Album number 10 marks tenth anniversary of Tom Jenkinson's Squarepusher project.  With each consecutive album, he's been able to reinvent his sound and find a new niche.  This time around, "Hello Everything" presents a much more organic, while at the same time an even more acoustic sound.  By stripping down layers of his hyperactive beats, he has allowed sunshine to pour in through the cracks.  While tracks such as "Hello Meow" and "Plotinus" still feature the same familiar over-the-top schizo d'n'b beat, other stuff is much more organic.  "Vacuum Garden" for instance is a full six minutes of creepy, hollow sounds that don't feature one single beat, while the closing 11 minute opus "Orient Orange" negotiates between percussive interludes and soundtrack story-telling spaciousness.  Until Jenkinson's next incarnation, "Hello Everything" stands as a fine momentum of his progress so far.
Though I'm not huge on the standard piano/bass/drums jazz trio, once in a blue moon, I age myself by a few decades, pretend that all my hair is actually gray, sit by the fireplace, sipping well-aged whiskey and like to listen to some standards.  "Ideal Circus" from pianist Edouard Bineau serves as the perfect evening music for such an occasion.  Well rounded in its ability to bring out warmth, Bineau's trio treads the middle ground with enough conviction.  Neither breaking out in pure sweat, nor drooling in tedious boredom, the unit does enough twists and turns to convince me of hidden value in their work.  Even their version of Cat Stevens' "Sad Lisa" swings in its own subdued way.  Recommended for those with taste for the inevitably same.
Sound/video artist and painter Richard Garet gets a full release all by himself following his excellent contribution to the "Territorium" compilation of earlier this year.  "Intrinsic Motion" is a carefully gathered audio piece that takes equal parts from field recordings, microphone play, certain notions of feedback and the all popular studio processing.  Just when you thought the entire CD would be high frequency doodling [as is the case on about half of the first piece "Endless Scenery"], Garet decides to pull a rabbit out of a hat.  The following piece "For Shimpei Takeda" features a bunch of chirping birds, wind sounds [or was that a subway car whooshing by?] and delicate sparkling of haunting sound. Since variety is the spice of life, the remaining two pieces feature everything from deadly quiet passages, through to more squelching, high-pitched noise to what appears to be a drone-like church organ that is spun in a loop.  Another fine release from the Austrian folk who love minimal music.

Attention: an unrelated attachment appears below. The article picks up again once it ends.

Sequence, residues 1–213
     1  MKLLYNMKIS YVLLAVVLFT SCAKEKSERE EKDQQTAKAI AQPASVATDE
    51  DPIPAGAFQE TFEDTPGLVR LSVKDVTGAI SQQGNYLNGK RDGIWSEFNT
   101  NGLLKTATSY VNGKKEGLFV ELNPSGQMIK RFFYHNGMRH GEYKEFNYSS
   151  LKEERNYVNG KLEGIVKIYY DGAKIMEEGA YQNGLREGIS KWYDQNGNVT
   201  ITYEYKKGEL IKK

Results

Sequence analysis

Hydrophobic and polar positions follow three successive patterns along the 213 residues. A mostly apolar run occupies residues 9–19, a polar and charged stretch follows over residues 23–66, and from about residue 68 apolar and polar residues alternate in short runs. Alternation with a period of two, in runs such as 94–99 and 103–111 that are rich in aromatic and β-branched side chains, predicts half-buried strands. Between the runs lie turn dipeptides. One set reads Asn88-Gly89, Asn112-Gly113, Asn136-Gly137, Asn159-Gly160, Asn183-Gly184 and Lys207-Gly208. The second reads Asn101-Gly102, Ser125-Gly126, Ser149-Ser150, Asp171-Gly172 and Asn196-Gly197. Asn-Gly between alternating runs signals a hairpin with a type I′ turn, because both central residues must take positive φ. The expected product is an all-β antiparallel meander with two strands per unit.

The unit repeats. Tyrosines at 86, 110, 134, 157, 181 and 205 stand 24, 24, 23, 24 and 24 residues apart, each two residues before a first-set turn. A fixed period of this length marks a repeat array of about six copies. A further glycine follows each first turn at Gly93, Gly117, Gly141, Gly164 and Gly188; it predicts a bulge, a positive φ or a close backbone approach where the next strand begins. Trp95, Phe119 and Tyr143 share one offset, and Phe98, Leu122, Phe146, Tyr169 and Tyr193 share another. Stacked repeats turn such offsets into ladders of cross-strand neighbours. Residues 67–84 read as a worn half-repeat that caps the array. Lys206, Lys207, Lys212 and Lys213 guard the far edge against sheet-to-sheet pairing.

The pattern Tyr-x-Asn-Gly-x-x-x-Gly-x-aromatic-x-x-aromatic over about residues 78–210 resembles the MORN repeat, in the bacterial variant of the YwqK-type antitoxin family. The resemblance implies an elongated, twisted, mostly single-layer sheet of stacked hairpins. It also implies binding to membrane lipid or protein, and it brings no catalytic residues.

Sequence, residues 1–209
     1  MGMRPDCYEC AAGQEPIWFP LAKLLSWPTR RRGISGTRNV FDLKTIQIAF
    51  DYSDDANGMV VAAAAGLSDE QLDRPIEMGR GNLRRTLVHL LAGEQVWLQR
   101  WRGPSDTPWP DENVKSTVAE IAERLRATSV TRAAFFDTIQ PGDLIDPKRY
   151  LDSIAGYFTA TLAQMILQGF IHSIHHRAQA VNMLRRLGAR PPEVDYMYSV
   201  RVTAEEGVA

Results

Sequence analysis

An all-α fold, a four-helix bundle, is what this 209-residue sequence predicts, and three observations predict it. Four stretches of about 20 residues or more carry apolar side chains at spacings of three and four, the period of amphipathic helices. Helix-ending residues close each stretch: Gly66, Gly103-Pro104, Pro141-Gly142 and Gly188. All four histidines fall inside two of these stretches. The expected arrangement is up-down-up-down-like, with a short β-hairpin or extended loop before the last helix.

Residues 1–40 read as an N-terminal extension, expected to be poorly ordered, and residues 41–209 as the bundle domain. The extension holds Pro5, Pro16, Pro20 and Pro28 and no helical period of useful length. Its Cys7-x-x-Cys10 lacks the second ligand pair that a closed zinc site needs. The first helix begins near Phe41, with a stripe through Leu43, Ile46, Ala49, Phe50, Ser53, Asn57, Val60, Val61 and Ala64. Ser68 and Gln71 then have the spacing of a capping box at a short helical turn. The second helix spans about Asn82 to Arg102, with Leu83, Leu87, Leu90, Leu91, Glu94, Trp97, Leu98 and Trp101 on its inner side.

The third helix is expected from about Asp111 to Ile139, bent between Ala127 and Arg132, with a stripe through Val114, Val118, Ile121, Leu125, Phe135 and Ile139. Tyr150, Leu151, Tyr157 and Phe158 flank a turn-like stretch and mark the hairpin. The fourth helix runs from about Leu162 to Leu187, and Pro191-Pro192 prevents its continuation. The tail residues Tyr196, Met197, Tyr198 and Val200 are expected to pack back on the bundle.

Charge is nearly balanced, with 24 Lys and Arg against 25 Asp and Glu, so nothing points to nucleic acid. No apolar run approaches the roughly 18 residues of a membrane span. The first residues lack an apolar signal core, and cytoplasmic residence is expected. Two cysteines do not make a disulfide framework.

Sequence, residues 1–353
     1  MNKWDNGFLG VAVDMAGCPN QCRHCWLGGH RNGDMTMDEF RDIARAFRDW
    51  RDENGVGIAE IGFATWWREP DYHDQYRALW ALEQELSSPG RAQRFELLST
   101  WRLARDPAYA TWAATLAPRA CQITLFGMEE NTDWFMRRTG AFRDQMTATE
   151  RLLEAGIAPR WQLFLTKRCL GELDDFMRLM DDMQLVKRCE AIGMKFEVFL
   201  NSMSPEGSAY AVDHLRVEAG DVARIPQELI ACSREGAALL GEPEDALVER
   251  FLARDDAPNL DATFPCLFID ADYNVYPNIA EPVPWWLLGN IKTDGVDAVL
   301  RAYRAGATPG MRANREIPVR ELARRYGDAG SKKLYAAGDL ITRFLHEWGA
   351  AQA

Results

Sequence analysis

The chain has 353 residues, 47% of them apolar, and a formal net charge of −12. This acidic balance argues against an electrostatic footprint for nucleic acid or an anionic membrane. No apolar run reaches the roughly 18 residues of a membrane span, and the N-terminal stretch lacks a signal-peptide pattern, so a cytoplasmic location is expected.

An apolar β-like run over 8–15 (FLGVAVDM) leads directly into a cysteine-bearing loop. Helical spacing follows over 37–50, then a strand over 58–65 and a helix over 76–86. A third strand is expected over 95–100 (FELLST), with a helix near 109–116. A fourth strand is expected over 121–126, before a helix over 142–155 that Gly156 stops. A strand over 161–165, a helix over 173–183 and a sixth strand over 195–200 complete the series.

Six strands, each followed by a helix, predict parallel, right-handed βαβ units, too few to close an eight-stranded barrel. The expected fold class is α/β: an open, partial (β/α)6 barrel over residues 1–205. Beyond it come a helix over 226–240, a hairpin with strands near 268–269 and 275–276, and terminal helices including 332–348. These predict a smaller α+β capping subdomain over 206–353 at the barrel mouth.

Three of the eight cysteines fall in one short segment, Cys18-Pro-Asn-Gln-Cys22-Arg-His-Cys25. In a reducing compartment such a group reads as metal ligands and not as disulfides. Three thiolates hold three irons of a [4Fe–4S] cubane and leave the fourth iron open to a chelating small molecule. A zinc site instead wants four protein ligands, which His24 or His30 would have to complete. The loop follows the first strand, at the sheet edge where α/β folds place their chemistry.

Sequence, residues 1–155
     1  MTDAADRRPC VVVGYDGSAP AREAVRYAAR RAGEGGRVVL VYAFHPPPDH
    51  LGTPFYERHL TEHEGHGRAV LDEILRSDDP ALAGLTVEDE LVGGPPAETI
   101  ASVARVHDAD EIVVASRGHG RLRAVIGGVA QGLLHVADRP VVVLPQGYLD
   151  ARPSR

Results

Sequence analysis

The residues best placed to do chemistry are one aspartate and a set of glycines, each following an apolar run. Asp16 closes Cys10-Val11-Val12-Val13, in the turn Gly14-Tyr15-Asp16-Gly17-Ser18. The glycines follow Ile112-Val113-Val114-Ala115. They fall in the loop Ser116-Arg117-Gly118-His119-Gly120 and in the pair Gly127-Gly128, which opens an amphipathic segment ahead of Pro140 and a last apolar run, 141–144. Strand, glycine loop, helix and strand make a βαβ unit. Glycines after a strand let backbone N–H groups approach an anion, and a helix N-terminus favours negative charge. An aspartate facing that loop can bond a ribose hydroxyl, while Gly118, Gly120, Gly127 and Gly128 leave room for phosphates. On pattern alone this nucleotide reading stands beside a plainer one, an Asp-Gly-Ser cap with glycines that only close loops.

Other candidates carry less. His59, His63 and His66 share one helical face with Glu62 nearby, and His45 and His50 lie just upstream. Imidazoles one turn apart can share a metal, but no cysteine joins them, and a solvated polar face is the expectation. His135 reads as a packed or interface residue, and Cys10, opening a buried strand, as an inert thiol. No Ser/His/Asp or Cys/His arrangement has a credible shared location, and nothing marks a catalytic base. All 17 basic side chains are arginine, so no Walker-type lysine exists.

Polish glitch-artist Paul Wirkus set himself a task which was to record an album in its entirety live straight to DAT without any overdubs.  Live scenario on his second full-length has proven to be a successful one in that it allows much more freedom than ever before.  Though glitches, pops and clicks still exist [they form the backbone of these pieces for the most part], Wirkus has turned into a mediator of sorts.  He now negotiates between the rough terrain of static loops, field recordings, guitar pedals, radio tuning and happenstance sounds to deliver a true work of sourced-out sounds.  What's best about this album is its ability to tell a tangible story.  Music concrete or concrete vision realized, "Déformation Professionnellle" sees Wirkus at the strength of his game.
As an appendage to the "Black Sheep Boy", its appendix is more than just an afterthought.  It's actually a final chapter to Okkervil River's grand album.  Fully realized, with a beginning, middle and end, it goes from theme to theme in seamless fashion.  Encompassing rock, blues and even folk idioms, the band sounds more like a less urgent Crazy Horse during its heyday.  Mature themes of abuse, loss, loveless relationships make it into the band's repertoire, while their sounds remains vital and reverent throughout.  As the band ends "Last Love Song for Now" with the phrase "over and over and over again", you're not quite sure whether they've reached a high note or whether the Black Sheep Boy character has reached his final day of doom on a kitchen floor in a pool of blood.
I've read a review that described Richard Chartier's work as not being an easy listen.  That depends on what side of the fence you sit on, I guess. To be fair, his drones and work with miniscule frequencies is not pop music, but then again, it's not something to be scared of or run away from.  His most recent work, "Current" is a 20 minute piece that starts off with barely audible high frequencies.  By mid-point, the frequencies taper off and become less-than-audible hums and spatial buzzes.  Calmness rules in Chartier's world.  Let it take over and it will surely rule in your domain.